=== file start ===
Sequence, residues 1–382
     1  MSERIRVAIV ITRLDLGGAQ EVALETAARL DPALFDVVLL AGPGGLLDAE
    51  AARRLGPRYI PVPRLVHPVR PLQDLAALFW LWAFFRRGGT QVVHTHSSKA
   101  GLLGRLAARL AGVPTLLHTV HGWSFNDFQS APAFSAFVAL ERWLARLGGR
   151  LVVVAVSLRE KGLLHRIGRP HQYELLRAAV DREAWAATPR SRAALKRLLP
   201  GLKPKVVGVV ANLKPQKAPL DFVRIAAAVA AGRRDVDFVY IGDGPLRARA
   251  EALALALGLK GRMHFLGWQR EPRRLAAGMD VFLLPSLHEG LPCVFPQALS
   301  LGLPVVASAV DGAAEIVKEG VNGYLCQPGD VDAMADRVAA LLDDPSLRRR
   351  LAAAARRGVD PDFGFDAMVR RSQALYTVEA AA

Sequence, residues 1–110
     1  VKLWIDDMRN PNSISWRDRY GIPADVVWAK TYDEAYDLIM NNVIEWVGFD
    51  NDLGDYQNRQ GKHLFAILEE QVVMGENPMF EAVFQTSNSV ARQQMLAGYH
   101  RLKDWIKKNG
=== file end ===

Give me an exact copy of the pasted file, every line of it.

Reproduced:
Sequence, residues 1–382
     1  MSERIRVAIV ITRLDLGGAQ EVALETAARL DPALFDVVLL AGPGGLLDAE
    51  AARRLGPRYI PVPRLVHPVR PLQDLAALFW LWAFFRRGGT QVVHTHSSKA
   101  GLLGRLAARL AGVPTLLHTV HGWSFNDFQS APAFSAFVAL ERWLARLGGR
   151  LVVVAVSLRE KGLLHRIGRP HQYELLRAAV DREAWAATPR SRAALKRLLP
   201  GLKPKVVGVV ANLKPQKAPL DFVRIAAAVA AGRRDVDFVY IGDGPLRARA
   251  EALALALGLK GRMHFLGWQR EPRRLAAGMD VFLLPSLHEG LPCVFPQALS
   301  LGLPVVASAV DGAAEIVKEG VNGYLCQPGD VDAMADRVAA LLDDPSLRRR
   351  LAAAARRGVD PDFGFDAMVR RSQALYTVEA AA

Sequence, residues 1–110
     1  VKLWIDDMRN PNSISWRDRY GIPADVVWAK TYDEAYDLIM NNVIEWVGFD
    51  NDLGDYQNRQ GKHLFAILEE QVVMGENPMF EAVFQTSNSV ARQQMLAGYH
   101  RLKDWIKKNG